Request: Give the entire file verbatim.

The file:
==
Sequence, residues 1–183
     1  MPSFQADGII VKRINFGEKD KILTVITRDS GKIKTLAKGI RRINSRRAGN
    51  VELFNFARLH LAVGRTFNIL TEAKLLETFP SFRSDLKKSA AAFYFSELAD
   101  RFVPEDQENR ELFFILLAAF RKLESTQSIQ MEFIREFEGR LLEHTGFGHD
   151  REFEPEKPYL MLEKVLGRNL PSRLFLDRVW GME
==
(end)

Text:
Sequence, residues 1–183
     1  MPSFQADGII VKRINFGEKD KILTVITRDS GKIKTLAKGI RRINSRRAGN
    51  VELFNFARLH LAVGRTFNIL TEAKLLETFP SFRSDLKKSA AAFYFSELAD
   101  RFVPEDQENR ELFFILLAAF RKLESTQSIQ MEFIREFEGR LLEHTGFGHD
   151  REFEPEKPYL MLEKVLGRNL PSRLFLDRVW GME